Sometimes, movies are released at exactly the right time, gaining impact and resonance thanks to events in the offscreen world.
Stanley Nelson’s new documentary The Black Panthers: Vanguard of the Revolution is accomplished and compelling, if not particularly daring in any way aesthetically. It’s an earnest, crisply edited entry in the standard format – talking heads reminiscing, wisely incorporated archival footage and photos, an awesome period soundtrack – and it seeks to tell the Panthers’ story as comprehensively as it can. It is totally successful on its terms, and as good an entry point into this history as any.
Released in 2015, though, with multiple incidents across the country suddenly highlighting the widespread police brutality that’s always been there in Black and poor communities, the film takes on an added urgency. These issues have never gone away, but a lot of eyes are on them right now. This makes the early footage of Huey Newton and Bobby Seale organizing locally against the racist police in Oakland, California all the more inspiring, and the ultimate splintering and dissolution of the Black Panther Party all the more distressing.
Nelson tells the story of the Black Panther Party chronologically. We follow it from its birth in Oakland as a local self-defense and cop-watch group, to the spread of chapters across the country, to the eventual international office in Algeria headed up by an exiled Eldridge Cleaver. The murder of Fred Hampton in Chicago is covered in detail, as is the notorious four-hour shoot-out in Los Angeles that followed.
Along the way, we learn from former Panthers like Elaine Brown about the roles and identities of women in the Party, and efforts to address problematic gender relations. A major theme in the film is the tension between those, like Newton, pushing the “Survival Pending Revolution” programs (free breakfasts for kids, free medical clinics, housing assistance), and others, like Cleaver, who argued that the job of the Panthers was armed revolution, not social services.
To the film’s credit, the contrast is not exactly that tidy. A range of voices insist that, in the tumult of the period and in an organization that spread like wildfire, things were complicated. The creation of J. Edgar Hoover’s notorious COINTELPRO program, which explicitly sought to “expose, disrupt, misdirect, discredit, neutralize or otherwise eliminate” the Panthers (among others) and prevent the rise of what Hoover called “a Black Messiah,” complicated things further. The assassination of Fred Hampton by Chicago Police is the awful capstone of this campaign, but the FBI’s manipulation is everywhere, and in ways a lot subtler than open murder. The Bureau accomplished their mission eventually, with the split between Newton and Cleaver, leading to increasingly authoritarian and erratic leadership all around. It’s not pretty.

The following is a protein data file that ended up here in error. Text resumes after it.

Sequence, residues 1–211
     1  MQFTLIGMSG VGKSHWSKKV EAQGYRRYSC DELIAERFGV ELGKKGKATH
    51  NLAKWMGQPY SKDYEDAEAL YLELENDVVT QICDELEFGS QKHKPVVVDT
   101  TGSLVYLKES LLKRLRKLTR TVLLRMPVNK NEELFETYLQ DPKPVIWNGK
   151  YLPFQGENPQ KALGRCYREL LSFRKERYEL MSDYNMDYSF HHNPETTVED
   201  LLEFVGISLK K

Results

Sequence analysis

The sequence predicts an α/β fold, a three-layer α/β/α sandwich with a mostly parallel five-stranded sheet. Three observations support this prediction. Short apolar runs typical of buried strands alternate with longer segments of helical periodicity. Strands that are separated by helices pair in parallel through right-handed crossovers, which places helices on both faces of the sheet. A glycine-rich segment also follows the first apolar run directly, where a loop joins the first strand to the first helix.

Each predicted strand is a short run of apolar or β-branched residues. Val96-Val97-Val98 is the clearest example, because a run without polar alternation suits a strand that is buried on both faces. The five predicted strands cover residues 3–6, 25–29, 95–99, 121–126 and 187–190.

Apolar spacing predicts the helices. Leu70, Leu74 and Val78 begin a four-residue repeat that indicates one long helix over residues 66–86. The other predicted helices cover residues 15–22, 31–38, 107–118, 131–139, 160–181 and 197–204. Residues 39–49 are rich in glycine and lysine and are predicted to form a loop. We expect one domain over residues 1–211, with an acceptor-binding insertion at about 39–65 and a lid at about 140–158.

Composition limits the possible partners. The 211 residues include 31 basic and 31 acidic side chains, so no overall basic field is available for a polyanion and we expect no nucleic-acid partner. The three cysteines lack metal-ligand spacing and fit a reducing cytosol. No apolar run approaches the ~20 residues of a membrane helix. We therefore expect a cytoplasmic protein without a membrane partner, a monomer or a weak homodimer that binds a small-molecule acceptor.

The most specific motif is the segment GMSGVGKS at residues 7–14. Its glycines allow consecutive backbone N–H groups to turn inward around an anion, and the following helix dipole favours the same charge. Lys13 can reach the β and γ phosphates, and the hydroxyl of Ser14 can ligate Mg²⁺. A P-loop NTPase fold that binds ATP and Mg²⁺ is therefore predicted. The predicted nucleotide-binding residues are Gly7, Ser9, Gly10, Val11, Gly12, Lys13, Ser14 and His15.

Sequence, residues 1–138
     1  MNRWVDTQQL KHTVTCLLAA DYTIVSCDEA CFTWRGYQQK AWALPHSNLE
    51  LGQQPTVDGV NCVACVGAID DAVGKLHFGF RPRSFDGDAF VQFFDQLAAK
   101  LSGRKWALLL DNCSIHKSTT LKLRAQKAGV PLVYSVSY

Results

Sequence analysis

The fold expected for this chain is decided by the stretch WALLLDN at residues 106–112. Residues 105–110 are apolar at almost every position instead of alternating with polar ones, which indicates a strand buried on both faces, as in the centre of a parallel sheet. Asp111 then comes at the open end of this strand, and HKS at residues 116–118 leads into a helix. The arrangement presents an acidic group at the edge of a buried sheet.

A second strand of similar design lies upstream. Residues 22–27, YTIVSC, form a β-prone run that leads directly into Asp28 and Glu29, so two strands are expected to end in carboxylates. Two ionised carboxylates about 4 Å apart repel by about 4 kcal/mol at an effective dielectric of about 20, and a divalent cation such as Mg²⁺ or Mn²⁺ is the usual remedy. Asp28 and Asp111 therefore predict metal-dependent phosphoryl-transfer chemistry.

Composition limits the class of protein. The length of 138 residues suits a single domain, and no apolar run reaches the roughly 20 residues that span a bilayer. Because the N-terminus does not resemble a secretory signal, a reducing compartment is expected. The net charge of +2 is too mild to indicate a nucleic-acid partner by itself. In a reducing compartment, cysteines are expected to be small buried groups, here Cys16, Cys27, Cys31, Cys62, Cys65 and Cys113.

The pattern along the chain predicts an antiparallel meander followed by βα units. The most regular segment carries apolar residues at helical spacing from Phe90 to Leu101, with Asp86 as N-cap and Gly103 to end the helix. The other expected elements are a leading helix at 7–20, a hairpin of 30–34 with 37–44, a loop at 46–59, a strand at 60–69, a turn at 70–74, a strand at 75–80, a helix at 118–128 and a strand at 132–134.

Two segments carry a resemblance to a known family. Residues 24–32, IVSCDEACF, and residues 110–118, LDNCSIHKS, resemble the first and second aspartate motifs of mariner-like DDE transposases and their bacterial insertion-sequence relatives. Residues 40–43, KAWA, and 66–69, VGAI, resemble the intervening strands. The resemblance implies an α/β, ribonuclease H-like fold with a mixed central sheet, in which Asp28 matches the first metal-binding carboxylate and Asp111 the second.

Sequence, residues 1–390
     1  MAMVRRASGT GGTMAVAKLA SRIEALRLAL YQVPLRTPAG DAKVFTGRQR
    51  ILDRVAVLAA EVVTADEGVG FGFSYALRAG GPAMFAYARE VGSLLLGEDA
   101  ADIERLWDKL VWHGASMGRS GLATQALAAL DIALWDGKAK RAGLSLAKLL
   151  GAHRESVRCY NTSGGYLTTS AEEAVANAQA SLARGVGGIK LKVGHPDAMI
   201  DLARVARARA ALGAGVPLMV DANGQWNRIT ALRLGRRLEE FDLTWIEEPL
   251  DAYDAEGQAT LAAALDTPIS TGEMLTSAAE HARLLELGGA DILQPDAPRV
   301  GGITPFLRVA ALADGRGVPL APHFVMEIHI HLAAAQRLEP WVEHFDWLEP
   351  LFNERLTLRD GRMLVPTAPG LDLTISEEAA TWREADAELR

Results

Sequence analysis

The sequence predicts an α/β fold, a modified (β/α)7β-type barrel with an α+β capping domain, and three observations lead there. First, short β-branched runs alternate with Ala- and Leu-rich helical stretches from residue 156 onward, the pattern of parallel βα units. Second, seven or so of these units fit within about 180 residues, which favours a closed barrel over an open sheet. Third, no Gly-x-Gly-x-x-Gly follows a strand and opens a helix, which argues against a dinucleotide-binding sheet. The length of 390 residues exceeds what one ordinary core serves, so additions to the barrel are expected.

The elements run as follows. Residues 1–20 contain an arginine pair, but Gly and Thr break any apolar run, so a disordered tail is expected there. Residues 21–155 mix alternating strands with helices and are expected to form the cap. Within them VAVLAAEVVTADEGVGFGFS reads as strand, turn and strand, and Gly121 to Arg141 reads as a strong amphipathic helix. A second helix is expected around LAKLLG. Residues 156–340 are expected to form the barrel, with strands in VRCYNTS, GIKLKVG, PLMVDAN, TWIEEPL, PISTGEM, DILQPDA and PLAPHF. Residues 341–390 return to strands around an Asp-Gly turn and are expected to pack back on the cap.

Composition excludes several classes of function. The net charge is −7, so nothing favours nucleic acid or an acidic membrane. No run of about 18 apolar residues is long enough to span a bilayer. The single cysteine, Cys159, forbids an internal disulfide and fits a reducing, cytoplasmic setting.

Somehow, the film also fits in a long segment on Bobby Seale’s outrageous treatment during the Chicago 8 trial after the 1968 Democratic National Convention protests, the Panther 21 acquittal in New York, and much else besides. It’s a credit to Nelson that the movie never feels overstuffed. It covers a wide range of events deftly, and incorporates numerous perspectives without ever really dragging.
On the other hand, it never really soars. With one exception: when one of the Panthers involved in the L.A. shootout thinks back on being trapped in a sandbagged building, in a pitched battle with the LAPD, his eyes light up and he says, “I never felt so free.” It’s a rare electric moment (the audience at the SF Film Fest broke into applause). For the most part, though, The Black Panthers: Vanguard of the Revolution has a story to tell, and does so in a straightforward, workmanlike fashion.
Which is fine. It’s a hell of a story, filled with lessons about self-determination, organizing, power, and the dangers resistance movements face. During the Q&A after the film, Nelson said they’re trying to raise a bit more money to hold local screenings across the country, in addition to its theatrical release and eventual airing on PBS. He mentioned bringing it to Ferguson, and more generally to audiences that don’t go to film festivals. It’s a smart idea for a timely film.